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Getting Lost in Translation at the Edinburgh Fringe

This August saw the return of one of the most popular annual festivals in the UK, the Edinburgh Festival Fringe. Every year at the Fringe, thousands of comedians, actors and performers flock to the city to sell their wares; there are lots of jokes, a plenty of laughs, and huge numbers of tourists. Plenty of these tourists come from the UK, but the festival attracts large numbers of foreign tourists – as well as foreign performers. As such, Edinburgh becomes a hotchpotch of languages and cultures in which both performers and spectators can all too easy to find themselves lost in a sea of unfamiliar tongues.

Suffice to say, the vast majority of Fringe performances are in English. This means that most audiences will understand the show, but there are always a few performances – particularly at free shows – where foreign tourists invariably struggle to make out the words that are being spoken. It's heroic, really – struggling through 60 minutes of comedy delivered in another language, purely in the hopes of understanding one joke.

It can be difficult for performers, too. Daniel Simonsen, a Norwegian comic living and performing in the UK, says regarding his obstacles with the language barrier: “At first, people think I’m a character. The accent thing… it becomes stronger on the stage. I couldn’t even say the start of jokes without getting laughs, it was almost a bit distracting. I understood quickly: OK, they think it’s fun how you speak English. British audiences are really good; it’s a very honest crowd. It’s a tough crowd – you learn a lot – but they’ve been great for me, quite loving. British people, you always talk about how awkward you are, but Norwegians are even more so… you can really relate to it. I try to pick topics that are universal. Human beings are similar; we have the same worries.”

It's not, in fact, unusual, for comics to approach a translation agency in the hopes of breaking that barrier when performing abroad. Eddie Izzard highlights the problem of comedy translation perfectly when he observes that “Some bits were tricky. I found out that even though I had made my references universal, I had puns on words, and that had to all drop away. And sayings don't carry over.” Employing a good translation agency – one that can deliver accurate and readable translations – is incredibly important in today's world. Even for stand-ups, it would appear that skilled translation can be very hard to come by!

Wartime Diary Sees Russian Translation

Russia has always been a patriotic nation; they've had their fair share of wars and spats, just like the rest of us, and – just like the rest of us – they commemorate their war heros in any way they can. This year, Russia is marking the official Day for Martyrs and War Invalids with the release of a new Russian translation of a best-selling war diary. The diary, written by Vietnamese author Dang Thuy Tram, will be the first significant piece of Vietnamese literature to be translated into Russian since 1991, making the publication a significant event in translation history.

The two countries have worked together in order to forge this new work or literature. The diary has been translated into Russian by a group of top Vietnamese and Russian experts; by working together on the novel, translators hope to catch all the nuances and quirks of both languages, and so once can thus be assured that nothing will be lost in the translation of Dang Thuy Tran's diary. The release of this book is hoped to build a bridge between Russian readers and Vietnamese literature; if the diary proves popular in Russia, we may well expect to see further translations take place.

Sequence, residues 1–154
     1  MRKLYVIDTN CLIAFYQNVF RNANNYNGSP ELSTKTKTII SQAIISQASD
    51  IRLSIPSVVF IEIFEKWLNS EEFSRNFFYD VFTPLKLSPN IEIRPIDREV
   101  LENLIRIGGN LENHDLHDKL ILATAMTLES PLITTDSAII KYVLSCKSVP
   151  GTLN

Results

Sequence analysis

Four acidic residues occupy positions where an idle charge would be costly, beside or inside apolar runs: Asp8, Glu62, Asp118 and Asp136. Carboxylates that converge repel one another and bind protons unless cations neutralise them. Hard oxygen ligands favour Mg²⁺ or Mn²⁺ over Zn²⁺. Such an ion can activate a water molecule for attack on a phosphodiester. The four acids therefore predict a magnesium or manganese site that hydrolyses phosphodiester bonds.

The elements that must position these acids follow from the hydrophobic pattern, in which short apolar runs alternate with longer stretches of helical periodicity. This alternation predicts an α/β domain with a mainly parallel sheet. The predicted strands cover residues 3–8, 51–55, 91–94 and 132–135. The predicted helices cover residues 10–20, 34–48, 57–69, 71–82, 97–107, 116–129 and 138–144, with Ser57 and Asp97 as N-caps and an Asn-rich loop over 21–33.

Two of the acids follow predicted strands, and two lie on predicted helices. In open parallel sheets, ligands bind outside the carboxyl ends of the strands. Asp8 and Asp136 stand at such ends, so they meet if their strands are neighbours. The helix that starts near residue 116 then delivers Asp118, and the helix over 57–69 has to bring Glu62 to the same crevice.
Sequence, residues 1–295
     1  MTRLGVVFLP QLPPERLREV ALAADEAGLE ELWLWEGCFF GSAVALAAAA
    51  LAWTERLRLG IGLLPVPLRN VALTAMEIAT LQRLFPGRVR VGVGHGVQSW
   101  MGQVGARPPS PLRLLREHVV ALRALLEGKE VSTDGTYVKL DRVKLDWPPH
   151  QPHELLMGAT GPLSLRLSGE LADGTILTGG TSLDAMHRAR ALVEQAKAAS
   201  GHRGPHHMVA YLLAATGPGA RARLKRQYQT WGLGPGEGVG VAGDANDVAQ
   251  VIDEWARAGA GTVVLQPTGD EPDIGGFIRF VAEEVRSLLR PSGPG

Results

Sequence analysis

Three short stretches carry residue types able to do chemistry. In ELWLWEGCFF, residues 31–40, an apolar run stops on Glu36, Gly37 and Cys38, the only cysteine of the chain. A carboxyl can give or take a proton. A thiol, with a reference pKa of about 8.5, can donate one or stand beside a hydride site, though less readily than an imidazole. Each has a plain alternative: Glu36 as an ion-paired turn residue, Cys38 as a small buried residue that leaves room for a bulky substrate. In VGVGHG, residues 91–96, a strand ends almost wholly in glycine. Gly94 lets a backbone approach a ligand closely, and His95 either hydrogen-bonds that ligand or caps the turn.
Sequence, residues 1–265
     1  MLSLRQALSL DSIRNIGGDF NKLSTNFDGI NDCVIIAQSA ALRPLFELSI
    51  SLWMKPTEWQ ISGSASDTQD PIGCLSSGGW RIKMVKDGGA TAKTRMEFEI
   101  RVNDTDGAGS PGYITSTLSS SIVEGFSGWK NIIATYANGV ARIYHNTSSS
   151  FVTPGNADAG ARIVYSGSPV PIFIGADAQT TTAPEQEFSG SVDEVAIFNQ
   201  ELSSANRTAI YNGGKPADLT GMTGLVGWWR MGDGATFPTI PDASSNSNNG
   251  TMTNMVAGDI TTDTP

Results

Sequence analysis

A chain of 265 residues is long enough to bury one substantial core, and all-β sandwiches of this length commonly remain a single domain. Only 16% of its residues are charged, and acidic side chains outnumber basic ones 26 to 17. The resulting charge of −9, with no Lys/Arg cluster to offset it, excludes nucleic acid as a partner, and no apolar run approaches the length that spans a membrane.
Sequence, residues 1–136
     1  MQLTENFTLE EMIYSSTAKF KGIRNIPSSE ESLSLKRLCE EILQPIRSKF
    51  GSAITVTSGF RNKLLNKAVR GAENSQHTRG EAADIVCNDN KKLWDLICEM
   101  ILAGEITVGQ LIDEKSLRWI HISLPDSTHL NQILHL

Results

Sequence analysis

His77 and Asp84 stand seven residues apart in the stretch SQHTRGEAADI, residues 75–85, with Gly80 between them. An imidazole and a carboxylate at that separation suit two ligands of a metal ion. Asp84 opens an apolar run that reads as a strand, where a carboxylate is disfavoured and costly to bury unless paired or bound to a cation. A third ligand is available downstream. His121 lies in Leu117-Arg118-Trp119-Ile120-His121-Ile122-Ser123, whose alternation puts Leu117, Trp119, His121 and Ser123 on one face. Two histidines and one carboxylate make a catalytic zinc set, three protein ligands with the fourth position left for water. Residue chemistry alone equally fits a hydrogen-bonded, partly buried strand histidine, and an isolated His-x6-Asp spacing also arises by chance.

The diary is the work of a Vietnamese woman doctor, Dang Thuy Tram. Tram was working in a field hospital in the 1960s, during the Vietnamese war. The diary is a personal account not just of Tram's experiences during the war, but also of her own personal aspirations. Tram was killed by US troops in 1970 at the age of 27, and her diary was found and preserved by an American soldier. It has since been returned to her family, with thousands of copies of the diary being published and circulated throughout the world.

The diary is a best-selling hit in its home country of Vietnam, and has been translated into 18 languages so far. If the Russian translation proves to be a huge success, we may well see even more translations over the next few years. Stories like this are the kind that speak across cultures, languages and races; they hold universal lessons about life, love, and tolerance. Despite being killed by a US soldier, Tram's diary is only with us today because it was preserved by a member of the same army; hopefully, the diary will help people all over the world come to remember that it's our similarities which are important, and not our differences.

The Importance of Fast Translation in the Travel Industry

The travel industry is one which relies on translation services every day of the week. Travel updates and news need to be relayed overseas constantly, and the consequences of poor international travel communication have been seen often. All we have to do is think back to the chaos that erupted in 2011 as a result of the Icelandic Volcano; with flights cancelled and holidays ruined, it was important that travel companies – agents, airlines and ferries – could get news and updates to their customers quickly no matter what language they spoke or where they came from.

In 2011, during the Icelandic Volcano saga, the situation was handled by a Dutch carrier, KLM. The company effectively utilised social media to communicate with the world en masse; KLM used Twitter to inform customers from over 26 different countries, and it did so in 26 different languages. This is widely considered to be one of the most impressive examples of a good social media strategy, and it was used with great success; Twitter is a quick, easy way to communicate with hundreds of millions of people using dozens of global languages.

KLM are now using Twitter to post travel updates around the clock, which means we don't have to wait for another disaster to witness travel news tweeted in our native language. They're not doing it in 26 languages, but they are tweeting in English, Dutch, German, Spanish and Japanese, which is a lot more than can be said of many international travel companies. KLM obviously know what's important to customers: being spoken to in your native language. It's not just easier for the customer to understand, but it's also much more polite.

Some travel firms have yet to appreciate the importance of fast translation services to deliver news and updates quickly, in customers' native languages. People respond much more positively when they feel that they're given respect, and taking the time to translate your news is exactly the way to show international customers how much you appreciate them. It's also much more effective when it comes to getting the news out there; after all, most of us wouldn't bother to translate a news article from Dutch to English, for example, unless we already knew it was something incredibly important. And how would we know? KLM are setting a good lead; hopefully, other travel firms will follow.